Of course you could unregister providers if you don’t want to be able to deploy resources from a specific provider. This effectively lets the subscription owner make sure that only allowed resource types are deployed. In the same fashion you can register providers if you want to deploy resources.


There are a bunch of different terms to keep track of to follow this discussion.

We have:

  1. Resource – This could be a VM, nic, vnet, public ip or another entity. A resource group can only be a member of one resource group. One.
  2. Resource group – A resource group is a container of resources. This could be resources of the same type or different types. They could belong to the same application, or not.
  3. Resource provider – The resource provider provides resources of a specified type. For example “Microsoft.Compute” provides computing resources and “Microsoft.Network” provides, you guessed it, networking resources.

The picture below show one resource group with different resources in the same resource group. This could be a web app for example, letting the developer deploy the application as one entity.


You could have the resources in different resource groups. For example if you have DBA:s managing your databases, the Windows or Linux-admins manage your virtual machines and your storage guys or gals manage storage.

Resource group with app or resources.
Resource group with app or resources.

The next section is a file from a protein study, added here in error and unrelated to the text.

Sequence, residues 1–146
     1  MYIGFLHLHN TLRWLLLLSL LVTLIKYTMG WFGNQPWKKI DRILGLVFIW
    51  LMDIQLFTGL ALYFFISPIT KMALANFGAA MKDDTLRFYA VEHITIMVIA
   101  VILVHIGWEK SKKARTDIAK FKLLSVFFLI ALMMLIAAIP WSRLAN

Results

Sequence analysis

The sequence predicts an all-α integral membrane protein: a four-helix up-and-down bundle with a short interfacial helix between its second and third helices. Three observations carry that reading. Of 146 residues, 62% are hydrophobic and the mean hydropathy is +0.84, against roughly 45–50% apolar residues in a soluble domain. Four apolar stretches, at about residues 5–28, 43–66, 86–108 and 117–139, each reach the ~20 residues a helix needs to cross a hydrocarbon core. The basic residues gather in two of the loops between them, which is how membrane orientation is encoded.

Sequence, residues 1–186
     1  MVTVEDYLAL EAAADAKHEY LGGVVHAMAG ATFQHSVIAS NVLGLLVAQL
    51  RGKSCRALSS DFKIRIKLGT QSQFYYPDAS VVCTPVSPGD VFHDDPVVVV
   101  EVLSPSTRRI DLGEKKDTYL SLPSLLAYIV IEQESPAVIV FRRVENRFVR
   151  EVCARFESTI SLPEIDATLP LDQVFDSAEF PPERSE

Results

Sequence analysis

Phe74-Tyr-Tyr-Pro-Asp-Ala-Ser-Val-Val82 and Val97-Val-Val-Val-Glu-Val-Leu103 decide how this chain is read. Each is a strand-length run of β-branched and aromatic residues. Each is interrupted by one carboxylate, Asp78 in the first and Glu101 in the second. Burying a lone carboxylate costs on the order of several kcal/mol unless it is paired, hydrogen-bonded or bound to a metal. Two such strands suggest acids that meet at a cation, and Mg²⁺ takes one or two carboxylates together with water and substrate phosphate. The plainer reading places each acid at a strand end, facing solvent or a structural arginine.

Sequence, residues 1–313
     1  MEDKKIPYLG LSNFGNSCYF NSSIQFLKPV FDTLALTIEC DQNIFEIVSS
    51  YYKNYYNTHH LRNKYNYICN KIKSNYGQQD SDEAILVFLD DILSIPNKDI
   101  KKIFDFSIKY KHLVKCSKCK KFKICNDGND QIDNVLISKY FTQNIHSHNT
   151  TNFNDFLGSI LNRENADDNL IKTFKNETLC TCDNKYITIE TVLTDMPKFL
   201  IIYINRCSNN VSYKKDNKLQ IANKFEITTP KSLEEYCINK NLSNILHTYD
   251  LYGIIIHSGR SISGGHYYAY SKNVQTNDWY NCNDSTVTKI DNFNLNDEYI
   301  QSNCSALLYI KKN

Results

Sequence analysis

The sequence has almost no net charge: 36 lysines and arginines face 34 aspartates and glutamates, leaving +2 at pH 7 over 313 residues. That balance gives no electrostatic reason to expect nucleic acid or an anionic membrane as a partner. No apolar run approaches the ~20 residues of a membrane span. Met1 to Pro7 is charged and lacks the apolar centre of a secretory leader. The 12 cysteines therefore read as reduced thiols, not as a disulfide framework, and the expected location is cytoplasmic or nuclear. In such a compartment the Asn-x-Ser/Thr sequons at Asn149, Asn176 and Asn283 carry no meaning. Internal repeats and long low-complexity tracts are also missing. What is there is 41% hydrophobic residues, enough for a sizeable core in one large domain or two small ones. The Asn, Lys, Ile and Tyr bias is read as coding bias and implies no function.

How you decide to group your resources is totally up to you. When deciding you also must take into account if you’re going to have one or multiple subscriptions, and if you’re going to use Role Based Access Control (RBAC) to secure access to your resources or resource groups.

You can find more information about ARM at

Role Based Access Control (RBAC)

Another benefit of using ARM is that is supports RBAC right out of the box. This means that you can apply different roles on resources or resource groups, effectively managing who can do what to your resources. For example you could have one resource group containing virtual machines, where only a specific group of users would be able to delete these for example. Or imagine a web app where a defined set of developers would be able to deploy code to your application but not edit any other settings.

RBAC - assigning users or groups to different roles.
RBAC – assigning users or groups to different roles.

More reading on the subject of RBAC can be found at or

Conclusion (or executive summary)